When it comes to divorce, emotions can run high and things can get complicated if the parties don’t agree. Perhaps you believe you’re owed more assets than your partner is willing to give up. Perhaps you feel deserving of sole custody. Or perhaps you don’t want to divorce at all—but your partner does. If you are in one of over 750,000 couples who find themselves in divorce proceedings in the United States, you may be wondering: Can I fight my divorce?


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The answer is complicated. To understand your rights as a contesting party in a divorce, you should understand the way divorce proceedings have changed in recent years. As always, a qualified family law attorney will be your greatest resource in navigating any legal situation.

Fault and no-fault divorce 

You may believe that if your spouse cannot prove adultery or abuse, they do not have legal grounds to leave you. But this is no longer the case.

Until recently, divorce proceedings required one spouse to prove the other was legally at fault on grounds such as adultery, desertion, or confinement in prison to justify the grounds for divorce. If a spouse could not provide the evidence for the grounds they claimed, the divorce would not be granted. In 1970, California passed the country’s first no-fault divorce legislation. A no-fault divorce allows one spouse to end a marriage and is not required to accuse the other of wrongdoing. In 2010, New York was the last state to pass no-fault divorce legislation making “blameless” divorce available in all 50 states.

While no-fault divorce is now the law of the land, jurisdiction nonetheless plays a role. Each state has very different requirements and avenues to go about divorce, despite all having roughly the same definition of what divorce is, and what constitutes grounds for divorce. There are currently 17 states that do not offer the option of fault divorce-based claims; The other 33 states give couples the option between fault and no-fault.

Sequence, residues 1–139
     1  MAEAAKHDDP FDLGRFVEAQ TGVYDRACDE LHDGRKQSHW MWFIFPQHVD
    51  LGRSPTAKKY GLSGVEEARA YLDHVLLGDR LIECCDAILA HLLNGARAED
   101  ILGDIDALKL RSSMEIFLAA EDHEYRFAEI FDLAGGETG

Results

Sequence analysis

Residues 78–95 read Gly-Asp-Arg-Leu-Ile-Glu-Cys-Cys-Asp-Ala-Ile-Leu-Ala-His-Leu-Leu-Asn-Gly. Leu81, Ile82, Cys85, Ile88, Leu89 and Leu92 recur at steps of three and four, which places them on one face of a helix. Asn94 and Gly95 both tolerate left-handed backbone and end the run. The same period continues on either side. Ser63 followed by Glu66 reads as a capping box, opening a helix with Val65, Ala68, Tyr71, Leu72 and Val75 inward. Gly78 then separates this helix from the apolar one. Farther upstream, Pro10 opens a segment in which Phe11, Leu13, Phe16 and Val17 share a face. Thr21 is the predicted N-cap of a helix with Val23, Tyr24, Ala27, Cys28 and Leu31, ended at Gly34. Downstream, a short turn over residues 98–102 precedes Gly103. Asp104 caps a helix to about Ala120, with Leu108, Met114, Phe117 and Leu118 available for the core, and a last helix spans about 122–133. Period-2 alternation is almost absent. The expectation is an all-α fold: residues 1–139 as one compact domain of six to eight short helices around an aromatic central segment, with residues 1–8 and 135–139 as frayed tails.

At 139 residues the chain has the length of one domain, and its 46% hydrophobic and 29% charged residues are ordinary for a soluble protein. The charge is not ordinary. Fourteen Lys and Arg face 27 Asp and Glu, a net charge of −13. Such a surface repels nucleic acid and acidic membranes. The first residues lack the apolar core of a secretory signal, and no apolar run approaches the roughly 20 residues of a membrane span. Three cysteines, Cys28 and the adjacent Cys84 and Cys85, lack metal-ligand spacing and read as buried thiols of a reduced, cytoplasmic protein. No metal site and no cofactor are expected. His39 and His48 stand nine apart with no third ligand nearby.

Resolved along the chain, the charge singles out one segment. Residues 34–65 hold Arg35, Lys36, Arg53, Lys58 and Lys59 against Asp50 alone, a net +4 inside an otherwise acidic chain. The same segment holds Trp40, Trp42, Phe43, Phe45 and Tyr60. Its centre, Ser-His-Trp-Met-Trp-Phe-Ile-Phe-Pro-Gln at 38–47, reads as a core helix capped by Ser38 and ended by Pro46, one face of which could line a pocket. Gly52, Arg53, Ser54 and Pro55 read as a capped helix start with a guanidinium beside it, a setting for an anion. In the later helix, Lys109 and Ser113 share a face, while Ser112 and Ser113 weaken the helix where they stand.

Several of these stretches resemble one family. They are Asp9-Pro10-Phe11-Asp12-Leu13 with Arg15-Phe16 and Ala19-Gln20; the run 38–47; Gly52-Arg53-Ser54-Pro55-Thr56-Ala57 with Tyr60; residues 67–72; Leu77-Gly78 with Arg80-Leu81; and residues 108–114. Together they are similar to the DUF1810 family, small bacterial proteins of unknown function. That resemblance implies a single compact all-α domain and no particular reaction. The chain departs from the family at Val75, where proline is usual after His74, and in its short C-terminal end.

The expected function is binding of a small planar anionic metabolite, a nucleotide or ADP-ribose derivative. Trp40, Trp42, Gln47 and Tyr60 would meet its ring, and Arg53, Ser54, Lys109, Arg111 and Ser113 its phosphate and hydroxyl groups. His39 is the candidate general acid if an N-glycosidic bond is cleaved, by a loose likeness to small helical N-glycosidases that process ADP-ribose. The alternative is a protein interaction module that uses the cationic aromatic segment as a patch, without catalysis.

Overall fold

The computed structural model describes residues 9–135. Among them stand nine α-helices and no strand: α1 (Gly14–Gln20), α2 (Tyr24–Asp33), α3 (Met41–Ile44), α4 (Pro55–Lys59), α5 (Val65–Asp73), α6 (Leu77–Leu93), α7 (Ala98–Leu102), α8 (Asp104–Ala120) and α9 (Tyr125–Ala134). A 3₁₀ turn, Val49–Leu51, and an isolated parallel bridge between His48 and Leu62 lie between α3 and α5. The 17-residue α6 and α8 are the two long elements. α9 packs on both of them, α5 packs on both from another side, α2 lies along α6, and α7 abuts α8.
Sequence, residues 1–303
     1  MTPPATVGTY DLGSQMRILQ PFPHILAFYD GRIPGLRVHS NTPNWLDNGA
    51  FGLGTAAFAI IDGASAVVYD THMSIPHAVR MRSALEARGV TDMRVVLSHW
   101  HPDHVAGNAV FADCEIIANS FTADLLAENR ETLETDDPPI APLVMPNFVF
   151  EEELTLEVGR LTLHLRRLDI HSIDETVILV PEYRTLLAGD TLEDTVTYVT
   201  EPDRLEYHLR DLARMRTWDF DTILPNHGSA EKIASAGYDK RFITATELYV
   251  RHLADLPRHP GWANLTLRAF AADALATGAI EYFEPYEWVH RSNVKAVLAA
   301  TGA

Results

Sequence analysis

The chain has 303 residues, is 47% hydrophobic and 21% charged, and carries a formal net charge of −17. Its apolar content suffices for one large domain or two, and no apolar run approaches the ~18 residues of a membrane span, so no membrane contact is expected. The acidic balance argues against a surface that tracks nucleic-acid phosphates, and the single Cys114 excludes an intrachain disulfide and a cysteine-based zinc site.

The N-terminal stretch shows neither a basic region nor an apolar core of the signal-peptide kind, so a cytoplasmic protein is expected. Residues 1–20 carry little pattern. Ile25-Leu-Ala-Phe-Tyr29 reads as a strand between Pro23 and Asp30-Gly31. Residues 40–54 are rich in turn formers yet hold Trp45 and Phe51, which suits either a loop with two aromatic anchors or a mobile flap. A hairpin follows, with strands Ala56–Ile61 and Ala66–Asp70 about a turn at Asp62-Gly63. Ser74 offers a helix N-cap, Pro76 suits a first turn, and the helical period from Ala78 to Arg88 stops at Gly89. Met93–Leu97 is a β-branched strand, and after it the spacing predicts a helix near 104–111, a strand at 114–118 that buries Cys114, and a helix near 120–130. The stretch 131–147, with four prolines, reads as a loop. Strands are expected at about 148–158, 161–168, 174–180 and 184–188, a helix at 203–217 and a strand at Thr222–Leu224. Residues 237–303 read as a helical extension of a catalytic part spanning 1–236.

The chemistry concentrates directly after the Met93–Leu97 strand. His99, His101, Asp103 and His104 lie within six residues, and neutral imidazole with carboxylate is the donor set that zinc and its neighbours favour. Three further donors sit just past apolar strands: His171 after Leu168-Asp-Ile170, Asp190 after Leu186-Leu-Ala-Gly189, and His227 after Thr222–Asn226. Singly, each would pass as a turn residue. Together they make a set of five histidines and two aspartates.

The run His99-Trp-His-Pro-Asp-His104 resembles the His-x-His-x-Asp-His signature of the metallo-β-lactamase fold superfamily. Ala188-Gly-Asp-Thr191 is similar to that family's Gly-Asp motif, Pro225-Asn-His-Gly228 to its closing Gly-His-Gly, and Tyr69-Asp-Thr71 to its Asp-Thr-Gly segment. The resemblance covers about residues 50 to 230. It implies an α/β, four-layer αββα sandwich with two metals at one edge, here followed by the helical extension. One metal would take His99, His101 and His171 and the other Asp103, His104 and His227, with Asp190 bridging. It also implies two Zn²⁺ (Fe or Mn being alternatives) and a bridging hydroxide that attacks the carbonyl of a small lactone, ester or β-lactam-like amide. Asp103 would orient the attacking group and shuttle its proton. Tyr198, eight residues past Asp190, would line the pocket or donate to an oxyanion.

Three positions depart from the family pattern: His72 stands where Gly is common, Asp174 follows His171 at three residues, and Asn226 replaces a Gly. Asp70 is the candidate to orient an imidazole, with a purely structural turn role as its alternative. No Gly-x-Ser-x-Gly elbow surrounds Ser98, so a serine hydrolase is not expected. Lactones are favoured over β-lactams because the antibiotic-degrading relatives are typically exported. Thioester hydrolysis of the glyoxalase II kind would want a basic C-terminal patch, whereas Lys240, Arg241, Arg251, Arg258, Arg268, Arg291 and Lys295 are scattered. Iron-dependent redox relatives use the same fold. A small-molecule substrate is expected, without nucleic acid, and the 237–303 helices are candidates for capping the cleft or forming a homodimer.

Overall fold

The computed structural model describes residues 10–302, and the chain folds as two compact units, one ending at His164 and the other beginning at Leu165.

What evidence you need depends on jurisdiction

Grounds in a no-fault divorce vary widely depending on your jurisdiction. These grounds could include incompatibility, irreconcilable differences, or irremediable breakdown of marriage. While these grounds are more subjective than traditional fault claims such as adultery, they are easier to prove. In Illinois, state law dictates that so long as the parties involved have been living separately for six month or more, the grounds of irreconcilable difference have been met. In Michigan, according to family law attorney Elizabeth Bransdorfer of Mika Meyers, “A spouse only needs to testify in open court under oath that the objects of matrimony have been destroyed.” This is the only grounds for a divorce necessary in Michigan.

Even in states like Michigan, where no-fault is the only option available, fault arguments are still relevant. One party may argue fault in order to secure a more beneficial division of property or leverage a higher amount of spousal support. However, there are limits to what proving fault can earn a couple in divorce proceedings. Fault usually is not a determining factor in custody battles regarding children, unless the fault claim shows the parent to be neglectful or possibly dangerous. For example, if the fault claim is for abuse, the judge may take this into consideration when determining legal and physical custody. This could result in less time with the children or supervised custody.